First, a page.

Fill it only 86.7%, in fact. So at the beginning of the NHL postseason I sat down and attempted to reason out the somewhat unpredictable outcome of the ensuing playoffs. I am an armchair statistics buff so I used what I had, combined with some good old rational thought, and attempted to devise a method to predict the outcome of the Stanley Cup Finals. Here is how my thought process worked.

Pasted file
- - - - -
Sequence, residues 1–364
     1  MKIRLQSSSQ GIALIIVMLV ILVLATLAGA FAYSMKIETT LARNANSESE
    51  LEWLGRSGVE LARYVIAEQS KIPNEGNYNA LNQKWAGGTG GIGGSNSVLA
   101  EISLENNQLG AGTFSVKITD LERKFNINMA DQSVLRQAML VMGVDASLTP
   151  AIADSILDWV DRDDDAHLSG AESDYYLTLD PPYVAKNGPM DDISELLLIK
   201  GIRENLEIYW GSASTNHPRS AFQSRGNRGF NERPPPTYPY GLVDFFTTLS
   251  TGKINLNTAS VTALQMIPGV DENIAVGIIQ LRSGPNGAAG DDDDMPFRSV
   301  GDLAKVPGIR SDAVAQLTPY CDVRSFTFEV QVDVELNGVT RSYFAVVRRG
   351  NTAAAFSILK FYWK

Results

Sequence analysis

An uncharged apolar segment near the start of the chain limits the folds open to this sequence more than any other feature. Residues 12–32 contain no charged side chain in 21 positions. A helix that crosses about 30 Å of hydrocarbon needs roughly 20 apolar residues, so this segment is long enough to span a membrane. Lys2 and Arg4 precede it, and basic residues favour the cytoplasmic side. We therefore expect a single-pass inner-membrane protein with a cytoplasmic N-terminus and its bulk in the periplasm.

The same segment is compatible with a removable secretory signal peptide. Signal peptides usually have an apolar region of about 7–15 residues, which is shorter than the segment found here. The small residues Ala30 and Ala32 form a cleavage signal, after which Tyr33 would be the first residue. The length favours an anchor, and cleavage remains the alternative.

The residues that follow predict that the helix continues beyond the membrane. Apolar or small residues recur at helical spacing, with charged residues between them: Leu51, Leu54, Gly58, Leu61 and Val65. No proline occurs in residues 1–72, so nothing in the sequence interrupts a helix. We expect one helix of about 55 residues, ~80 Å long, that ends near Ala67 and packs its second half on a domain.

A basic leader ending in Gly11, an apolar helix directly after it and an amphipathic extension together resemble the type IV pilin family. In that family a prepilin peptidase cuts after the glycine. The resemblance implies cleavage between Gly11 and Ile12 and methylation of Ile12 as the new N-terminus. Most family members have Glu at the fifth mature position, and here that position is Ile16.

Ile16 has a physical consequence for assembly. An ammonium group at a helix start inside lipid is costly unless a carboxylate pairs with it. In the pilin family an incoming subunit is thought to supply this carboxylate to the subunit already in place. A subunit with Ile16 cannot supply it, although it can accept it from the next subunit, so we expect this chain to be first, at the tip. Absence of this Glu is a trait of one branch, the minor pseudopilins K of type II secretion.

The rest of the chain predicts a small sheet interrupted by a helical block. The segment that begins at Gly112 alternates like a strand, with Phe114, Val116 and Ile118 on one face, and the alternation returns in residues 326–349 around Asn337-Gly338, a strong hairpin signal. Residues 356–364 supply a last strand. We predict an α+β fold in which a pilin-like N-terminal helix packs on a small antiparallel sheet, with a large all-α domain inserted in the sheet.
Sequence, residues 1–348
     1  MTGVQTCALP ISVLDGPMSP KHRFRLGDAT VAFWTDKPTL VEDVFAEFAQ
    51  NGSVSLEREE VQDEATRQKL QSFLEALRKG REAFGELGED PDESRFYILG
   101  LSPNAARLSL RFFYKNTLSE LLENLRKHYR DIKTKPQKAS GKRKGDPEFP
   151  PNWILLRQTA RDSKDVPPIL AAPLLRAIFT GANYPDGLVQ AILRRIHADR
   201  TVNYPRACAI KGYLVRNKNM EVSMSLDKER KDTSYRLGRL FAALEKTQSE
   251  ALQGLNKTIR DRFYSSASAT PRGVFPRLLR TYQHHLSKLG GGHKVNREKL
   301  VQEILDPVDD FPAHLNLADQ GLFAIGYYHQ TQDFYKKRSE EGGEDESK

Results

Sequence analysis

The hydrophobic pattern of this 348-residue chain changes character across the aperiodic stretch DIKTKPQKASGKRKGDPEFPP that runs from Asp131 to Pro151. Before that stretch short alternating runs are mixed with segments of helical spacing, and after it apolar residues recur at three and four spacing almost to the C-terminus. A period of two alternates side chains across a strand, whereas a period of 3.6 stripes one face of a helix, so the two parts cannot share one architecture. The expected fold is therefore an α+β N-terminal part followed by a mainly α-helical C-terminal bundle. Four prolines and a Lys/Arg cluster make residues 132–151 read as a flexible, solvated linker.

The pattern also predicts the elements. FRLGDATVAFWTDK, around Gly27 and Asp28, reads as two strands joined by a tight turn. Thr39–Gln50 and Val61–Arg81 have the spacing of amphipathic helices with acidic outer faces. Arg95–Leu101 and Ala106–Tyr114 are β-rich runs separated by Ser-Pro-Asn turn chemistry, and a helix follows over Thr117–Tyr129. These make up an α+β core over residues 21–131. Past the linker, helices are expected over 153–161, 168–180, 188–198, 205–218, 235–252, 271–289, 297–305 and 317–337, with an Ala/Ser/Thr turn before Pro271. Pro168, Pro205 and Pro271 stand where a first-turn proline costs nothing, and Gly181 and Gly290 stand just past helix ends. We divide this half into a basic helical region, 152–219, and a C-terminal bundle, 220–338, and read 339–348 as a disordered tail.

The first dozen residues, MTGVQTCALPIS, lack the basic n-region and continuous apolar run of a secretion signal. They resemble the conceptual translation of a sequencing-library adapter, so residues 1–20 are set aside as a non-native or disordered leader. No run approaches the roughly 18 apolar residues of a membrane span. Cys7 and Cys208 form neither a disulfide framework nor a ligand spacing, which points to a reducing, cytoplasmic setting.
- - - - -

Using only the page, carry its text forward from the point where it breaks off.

In the playoffs, nothing matters but wins. Overtime losses don’t matter. Points don’t matter. So I wanted to find out what statistics correlate significantly with number of wins achieved during the regular season. I used the statistics from every NHL team to expand the sample size. From these calculations I found that 3 statistics significantly positively correlated with winning (goals per game, 5 on 5 goals for and against ratio, power play %) and 1 significantly negatively correlated with winning (goals against per game). However, all of them had at least some correlation, although not above 0.5. So I developed two separate scores based on a summation of the 4 stats, or a summation of all. What I did was take the correlation coefficients for each statistic and multiplied it by the actual statistic achieved by each team. I then added the products and arrived at a sum that I called the All Score, or the 4 Score. I then ranked the teams by descending all score or 4 score. I predicted the outcome of each series by comparing the scores of each competing team. By doing this, both of these scores correctly predicted the outcome of 13 of the 15 Stanley Cup playoff series, an 86.7% success rate. However, the truly amazing outcome was the prediction of the all-score. From the get go, before the playoffs even started, I used the all-score to predict the outcome of the entire tournament. It predicted an ANA v OTT final with ANA being victorious. Holy shit. The only series I predicted incorrectly were the first round DAL v VAN series, and the second round BUF v NYR series. So, we’ll will see if I am as successful next year!